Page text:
Now that it’s official and the Toronto Raptors will be facing the Brooklyn Nets in their first playoff appearance since 2008, Dwane Casey and the rest of the coaching staff are busy formulating a plan of attack to ensure that the Atlantic Division champs aren’t merely a one-round wonder.
Among the many obstacles that Toronto will encounter in a series with the Nets, an overall lack of playoff experience compared to that of the Raptors’ opponents seems to be the most popular reason to write them off, and the naysayers will have no shortage of statistical ammunition to launch at this young franchise in the coming weeks.
Led by second-unit standout Tyler Hansbrough, who has logged a whopping 35 minutes of floor time in the playoffs, and veteran reserve John Salmons, who has seen just 22 minutes of action in the NBA‘s second season, there’s no denying Toronto’s on-court inexperience in the postseason. However, the Raptors will have a battle-tested head coach at the helm.
During the 11 years that Casey spent as an assistant with the Seattle SuperSonics, the franchise won 50-plus games five times. Nine of those 11 teams finished above .500, and Toronto’s current bench boss played a key role on the 1996 squad that earned 64 victories and won the Western Conference title.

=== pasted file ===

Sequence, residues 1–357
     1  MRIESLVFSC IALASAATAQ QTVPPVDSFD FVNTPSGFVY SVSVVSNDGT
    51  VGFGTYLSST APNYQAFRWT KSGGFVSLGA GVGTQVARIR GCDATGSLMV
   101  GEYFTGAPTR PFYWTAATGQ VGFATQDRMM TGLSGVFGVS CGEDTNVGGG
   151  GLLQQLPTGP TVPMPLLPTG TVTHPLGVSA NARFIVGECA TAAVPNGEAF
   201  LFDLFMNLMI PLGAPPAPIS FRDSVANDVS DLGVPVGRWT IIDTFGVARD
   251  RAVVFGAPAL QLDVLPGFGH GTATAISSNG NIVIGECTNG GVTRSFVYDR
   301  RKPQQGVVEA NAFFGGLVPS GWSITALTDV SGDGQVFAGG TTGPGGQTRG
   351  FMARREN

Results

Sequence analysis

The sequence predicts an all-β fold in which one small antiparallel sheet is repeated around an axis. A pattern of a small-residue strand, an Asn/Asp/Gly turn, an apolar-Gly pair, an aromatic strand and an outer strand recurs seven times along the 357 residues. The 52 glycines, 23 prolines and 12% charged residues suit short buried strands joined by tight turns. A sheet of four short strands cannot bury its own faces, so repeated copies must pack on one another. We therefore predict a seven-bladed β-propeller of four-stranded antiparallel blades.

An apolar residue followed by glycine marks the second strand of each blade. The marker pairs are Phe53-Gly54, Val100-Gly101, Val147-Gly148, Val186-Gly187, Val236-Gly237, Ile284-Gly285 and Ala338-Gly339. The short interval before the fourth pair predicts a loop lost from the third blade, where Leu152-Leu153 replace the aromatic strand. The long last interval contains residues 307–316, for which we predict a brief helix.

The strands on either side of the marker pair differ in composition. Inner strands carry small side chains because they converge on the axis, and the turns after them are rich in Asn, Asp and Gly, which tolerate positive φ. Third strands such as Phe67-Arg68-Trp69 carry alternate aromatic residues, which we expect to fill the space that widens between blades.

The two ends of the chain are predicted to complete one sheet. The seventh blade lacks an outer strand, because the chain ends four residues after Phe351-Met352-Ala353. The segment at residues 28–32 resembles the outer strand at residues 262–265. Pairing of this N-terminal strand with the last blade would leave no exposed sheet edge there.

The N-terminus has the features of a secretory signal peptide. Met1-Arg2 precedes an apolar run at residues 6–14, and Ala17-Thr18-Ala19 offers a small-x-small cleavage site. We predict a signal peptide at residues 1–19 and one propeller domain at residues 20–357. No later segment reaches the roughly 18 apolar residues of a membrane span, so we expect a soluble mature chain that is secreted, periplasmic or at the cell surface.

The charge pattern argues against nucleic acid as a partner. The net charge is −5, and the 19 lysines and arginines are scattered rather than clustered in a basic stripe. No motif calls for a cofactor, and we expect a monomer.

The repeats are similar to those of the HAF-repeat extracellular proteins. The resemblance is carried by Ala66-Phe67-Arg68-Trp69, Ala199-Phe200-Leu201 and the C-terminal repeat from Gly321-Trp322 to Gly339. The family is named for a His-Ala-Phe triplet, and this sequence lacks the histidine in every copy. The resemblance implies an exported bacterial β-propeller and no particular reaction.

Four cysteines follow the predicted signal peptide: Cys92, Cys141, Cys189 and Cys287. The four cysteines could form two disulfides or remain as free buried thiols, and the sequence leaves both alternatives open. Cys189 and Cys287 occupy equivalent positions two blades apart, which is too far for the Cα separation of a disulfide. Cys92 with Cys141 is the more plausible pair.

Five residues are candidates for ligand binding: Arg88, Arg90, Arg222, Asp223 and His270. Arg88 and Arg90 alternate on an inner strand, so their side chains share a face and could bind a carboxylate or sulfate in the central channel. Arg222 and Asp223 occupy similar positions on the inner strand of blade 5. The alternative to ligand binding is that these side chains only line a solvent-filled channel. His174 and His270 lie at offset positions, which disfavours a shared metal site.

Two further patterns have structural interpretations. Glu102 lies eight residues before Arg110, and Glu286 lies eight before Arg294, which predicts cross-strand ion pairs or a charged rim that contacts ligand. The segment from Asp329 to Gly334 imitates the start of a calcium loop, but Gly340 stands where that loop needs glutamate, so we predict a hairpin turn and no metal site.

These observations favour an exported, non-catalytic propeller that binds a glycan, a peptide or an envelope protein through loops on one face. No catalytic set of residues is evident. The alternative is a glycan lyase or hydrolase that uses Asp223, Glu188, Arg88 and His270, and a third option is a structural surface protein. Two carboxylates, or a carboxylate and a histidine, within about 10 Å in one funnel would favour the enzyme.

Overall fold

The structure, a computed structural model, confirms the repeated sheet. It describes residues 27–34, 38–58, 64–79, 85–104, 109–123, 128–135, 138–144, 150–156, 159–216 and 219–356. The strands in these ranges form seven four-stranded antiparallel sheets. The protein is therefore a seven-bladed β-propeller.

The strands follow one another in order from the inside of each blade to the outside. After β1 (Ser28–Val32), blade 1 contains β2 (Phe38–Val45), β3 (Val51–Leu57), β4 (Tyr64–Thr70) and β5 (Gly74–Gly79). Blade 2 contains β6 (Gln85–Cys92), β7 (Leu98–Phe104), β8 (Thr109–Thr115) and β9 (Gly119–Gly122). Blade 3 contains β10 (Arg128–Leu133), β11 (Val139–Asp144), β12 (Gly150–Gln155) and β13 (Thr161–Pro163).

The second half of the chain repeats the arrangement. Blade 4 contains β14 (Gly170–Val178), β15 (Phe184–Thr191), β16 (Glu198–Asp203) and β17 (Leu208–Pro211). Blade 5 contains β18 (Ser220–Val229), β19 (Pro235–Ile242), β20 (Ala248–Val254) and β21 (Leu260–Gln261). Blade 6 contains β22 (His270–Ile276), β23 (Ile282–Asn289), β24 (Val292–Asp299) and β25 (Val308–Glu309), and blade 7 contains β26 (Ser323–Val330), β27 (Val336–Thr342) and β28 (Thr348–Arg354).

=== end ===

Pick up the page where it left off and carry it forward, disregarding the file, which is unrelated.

While his first stint as an NBA head coach with the Minnesota Timberwolves from 2005-2007 failed to land him a playoff appearance, Casey’s next stop on the coaching circuit would give him some valuable experience. At the beginning of the 2008-09 season, Casey took a job with the Dallas Mavericks as an assistant to head coach Rick Carlisle, where he was charged with running the defense.
During his three years with the Mavs, the team won 50-plus games each year and defeated the Miami Heat to secure the 2010-11 NBA championship.
In the 2011 NBA Playoffs, Casey’s defenses held opponents to just 92.5 points per game, and coupled with the Raptors who ranked seventh and allowed 98.0 PPG in 2013-14, Toronto has the necessary ingredients to give opposing offenses some serious headaches.
And if there was ever an intriguing side note to Casey’s upcoming debut as a head coach in the playoffs, it’s that the Nets’ first-year head coach Jason Kidd was the starting point guard on the Dallas team that won the title in 2011, and was crucial as one of the Mavericks’ best defenders.
Having said that, there’s a reason that Brooklyn wanted to face Toronto in the first round of the playoffs, and much of it is based on the fact that the Nets simply aren’t threatened by the Raptors despite splitting the season series 2-2.
Because the Nets knows they have progressed into a far better team than they were in the first three meetings with Toronto and view themselves as the Eastern Conference power that they were initially projected to be, it’s now up to the Raptors to prove that their Atlantic Division rivals made a fatal mistake.